Jérôme Paillard, executive director of the Cannes Marché du Film, has confirmed that “over 200” sales companies are already registered to take part in the online market that will run from June 22-26.
Taking part in the latest Screen Talks webinar session hosted by Screen’s editor Matt Mueller, Paillard said the Marché is “not recruiting” for participating companies.
“Sometimes we had some companies we never heard of, they say, ‘I want a booth’,” said Paillard. ”We say, ‘Sorry, no, it’s really for regular exhibitors from Cannes or AFM or Berlin.’ It’s not something where sales companies can just arrive and say, ‘I want to have my booth.’ Sometimes it’s difficult to explain to people that we really want to concentrate on the main sales companies.”
The Marché announced its online dates on April 15, but Paillard revealed preparations for a virtual edition had begun back in February.
The decision to move online came “little by little”, he said. “Soon after Berlin we felt it was not so sure that Cannes could happen. We felt from the beginning that if we had to move, the attendance would not be as usual.
“When the decision finally arrived, we had made a little part of the move to say, ‘Let’s do it virtual.’ Then we had to really start to do it. We wanted to replicate as many sides of possible of the Marché. It’s what we are still now doing.”
Paillard explained that the five-day running time – shorter than the typical market (last year’s ran for 10 days) – is partly down to people’s expected attendance at an online event as opposed to a physical one. “We realised that working during the weekend would be difficult during the summer,” he said. “It’s something different being in Cannes during the festival and spending the week there, and being at home or at the office during the weekend, during a virtual Cannes.
“We know it will be a little bit too short, so we will be able to continue over the weekend. Meetings can continue – maybe we’ll still have some conferences on the Saturday,” said Paillard. “The big difference we have is we don’t have the issue of finding venues – no number of seats or number of screens limitations.”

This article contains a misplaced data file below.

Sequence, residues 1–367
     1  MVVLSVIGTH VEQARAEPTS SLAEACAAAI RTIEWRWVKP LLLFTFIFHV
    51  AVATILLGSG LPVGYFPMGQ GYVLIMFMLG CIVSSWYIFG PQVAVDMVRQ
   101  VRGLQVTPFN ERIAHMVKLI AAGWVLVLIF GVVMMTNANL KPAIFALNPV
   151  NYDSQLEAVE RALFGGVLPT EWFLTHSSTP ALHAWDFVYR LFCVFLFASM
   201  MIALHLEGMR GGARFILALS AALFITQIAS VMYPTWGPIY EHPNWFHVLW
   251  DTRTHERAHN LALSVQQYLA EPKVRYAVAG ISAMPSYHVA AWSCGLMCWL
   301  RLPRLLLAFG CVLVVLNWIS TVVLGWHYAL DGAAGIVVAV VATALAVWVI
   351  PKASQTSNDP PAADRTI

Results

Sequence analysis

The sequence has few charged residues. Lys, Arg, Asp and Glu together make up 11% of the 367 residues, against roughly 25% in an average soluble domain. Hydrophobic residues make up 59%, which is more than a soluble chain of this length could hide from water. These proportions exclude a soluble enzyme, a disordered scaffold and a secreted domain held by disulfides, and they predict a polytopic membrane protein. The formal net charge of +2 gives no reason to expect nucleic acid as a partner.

The director outlined plans for the online Marché with the webinar audience, both through spoken details and through images shared from his screen, including one of the homepage and various interfaces.
The homepage (below) hosts seven separate block-colour shapes representing different parts of the Marché: sales agents, cinemas, institutions, Cannes Docs, Cannes XR, programs, and the Petit Majestic – the virtual meeting place.
There are also drop-down menus for a press rack, where online versions of trade publications including Screen will be available each day; a digital ‘welcome bag’; a link to the schedule; and a space for live events including presentations, conferences and concerts.
The aim was “for people to be able to navigate as they do in Cannes,” said Paillard. Screenings will run on a platform based on online film network Cinando, while video meetings will take place via the Marché’s German-built networking app Match&Meet. Italian platform b.square will also be used for one-to-one meetings.
The Marché has an official partnership with video conferencing platform Zoom, and will use Vimeo for longer conferences.
Timezones, screenings and press